Thursday, May 17, 2007

I'm not ready for 756

In less than a day's time after its posting on, a news story highlighting Bobby Bonds Jr.'s disapproval of MLB had nearly 640 comments. Bonds' imminent capture of 755 has put many Americans on edge, even those who don't know the first thing about baseball.

There are so many issues that have been integrated into the public discourse that it is nearly impossible to talk to another person about Bonds and actually be talking about the same thing.

He admitted it in court. He's never tested positive. Hank Aaron doesn't deserve this. It's all because Barry Bonds is black. It really doesn't matter whether he cheated because he's an a-hole. Steroids aren't really cheating because Babe Ruth never played against black players. The NFL is much worse. This is only happening because of the 24-hour SportsCenter generation.

Reading through several pages of comments from that Barry Jr. article, I have decided that people are really missing the silver bullet of this whole situation: there is no silver bullet.

For those concerned with race, they are right and wrong. Americans have cultivated a very tenuous culture in this generation that has responded to the civil rights movement delicately. Majority populations feel like minorities, especially blacks, cannot use the race card anymore. Liberation happened, now it's every man for himself and white people should not be made to feel guilty anymore.

You contrast this growing sentiment with another population of people that are constantly trying to demonstrate that racial discrimination still occurs, albeit in different terms. They argue that subtle racism occurs everywhere and that the most racist ones are those who can't even see their bias. All of a sudden you have an incredibly circular argument that doesn't have any traction because the ones who it applies to (the "racists") are racist because they don't understand how racist they are. That's helpful.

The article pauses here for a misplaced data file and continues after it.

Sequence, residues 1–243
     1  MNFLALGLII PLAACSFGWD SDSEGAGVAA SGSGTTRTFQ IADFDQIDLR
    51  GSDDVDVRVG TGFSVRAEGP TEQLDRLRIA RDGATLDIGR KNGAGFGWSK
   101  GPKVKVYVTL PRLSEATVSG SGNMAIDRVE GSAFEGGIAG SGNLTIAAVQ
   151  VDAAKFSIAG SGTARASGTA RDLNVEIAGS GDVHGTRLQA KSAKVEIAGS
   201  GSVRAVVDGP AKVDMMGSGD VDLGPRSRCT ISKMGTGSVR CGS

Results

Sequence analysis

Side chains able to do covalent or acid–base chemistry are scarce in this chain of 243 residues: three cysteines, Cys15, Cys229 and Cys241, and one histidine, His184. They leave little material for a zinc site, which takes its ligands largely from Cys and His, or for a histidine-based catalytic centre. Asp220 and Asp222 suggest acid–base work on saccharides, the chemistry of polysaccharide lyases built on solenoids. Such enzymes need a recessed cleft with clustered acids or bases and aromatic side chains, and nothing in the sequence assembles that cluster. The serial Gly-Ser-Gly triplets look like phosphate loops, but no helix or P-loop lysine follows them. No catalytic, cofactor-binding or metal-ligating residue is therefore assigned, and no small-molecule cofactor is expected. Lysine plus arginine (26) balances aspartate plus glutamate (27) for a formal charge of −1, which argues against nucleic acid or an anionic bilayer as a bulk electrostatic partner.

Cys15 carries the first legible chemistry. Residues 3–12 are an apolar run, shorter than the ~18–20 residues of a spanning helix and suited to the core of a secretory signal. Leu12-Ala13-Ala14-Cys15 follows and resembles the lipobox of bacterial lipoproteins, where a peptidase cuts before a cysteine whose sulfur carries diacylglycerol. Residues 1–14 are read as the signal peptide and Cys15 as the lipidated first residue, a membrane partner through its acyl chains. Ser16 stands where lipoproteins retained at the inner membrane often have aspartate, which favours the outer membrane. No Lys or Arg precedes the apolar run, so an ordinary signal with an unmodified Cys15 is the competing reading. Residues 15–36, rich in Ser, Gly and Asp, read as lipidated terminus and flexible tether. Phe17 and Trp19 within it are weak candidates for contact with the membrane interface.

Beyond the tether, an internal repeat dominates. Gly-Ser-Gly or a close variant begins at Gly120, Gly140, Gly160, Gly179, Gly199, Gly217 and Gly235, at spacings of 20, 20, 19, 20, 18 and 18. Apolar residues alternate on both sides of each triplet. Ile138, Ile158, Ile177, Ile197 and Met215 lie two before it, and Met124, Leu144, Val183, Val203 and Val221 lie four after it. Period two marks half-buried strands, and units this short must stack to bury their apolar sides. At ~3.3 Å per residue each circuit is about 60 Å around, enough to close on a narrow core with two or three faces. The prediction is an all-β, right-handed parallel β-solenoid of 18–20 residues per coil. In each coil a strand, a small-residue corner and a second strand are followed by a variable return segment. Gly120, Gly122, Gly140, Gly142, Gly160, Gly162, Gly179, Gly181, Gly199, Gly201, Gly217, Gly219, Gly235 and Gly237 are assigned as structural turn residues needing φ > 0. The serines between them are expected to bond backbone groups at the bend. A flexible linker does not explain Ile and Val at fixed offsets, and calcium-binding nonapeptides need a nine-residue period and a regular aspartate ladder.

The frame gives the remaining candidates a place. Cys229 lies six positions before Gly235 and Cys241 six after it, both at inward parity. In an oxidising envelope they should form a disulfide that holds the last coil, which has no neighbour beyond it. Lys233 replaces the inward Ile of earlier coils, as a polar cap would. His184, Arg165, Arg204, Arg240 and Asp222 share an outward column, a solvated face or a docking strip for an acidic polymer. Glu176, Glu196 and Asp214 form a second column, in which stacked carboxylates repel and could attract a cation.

When these perspectives clash when Imus talks about hair and Barry gets hated on, the national voices get split. It's about race vs. stop being a race-hawk. Unfortunately, these situations are much more complicated than the available mediums for discourse can handle. In the 1940's newspapers would print a half-page editorial from their best writer who would elucidate the ambiguity and yet provide detailed insight from his own opinion.

Now we have PTI, bloggers and comment threads. We use buzz words that already have tons of meaning in them like a .zip file. All of a sudden, Bonds can't really be examined in any meaningful way. People see "race" and know what they think immediately. We know the facts about these players' changing body types and we pass our verdicts. For so many of us, it is easy enough to simply say that we don't like the guy and we therefore don't have to wrestle with the all of the bizarre intricacies of steroids in sports.

However, comment threads, buzzwords and 20-second arguments will not prepare any of us for what will happen during a baseball game in the coming months. I remember growing up thinking that I would have loved to have seen Hank Aaron beat the record live. I felt like that was something so crucial to that generation. My generation, however, has to decide whether to cheer or not. We get to watch fans around the immediate stadium and around country boo and cheer one of the most dramatic sports moments of last 25 years. I wouldn't be surprised if the whole place went silent as he trotted around the bags.

This is going to be much harder than all of us expect; and despite all of the most well-intentioned voices in the sports media today, none of us have been adequately prepared for 756.

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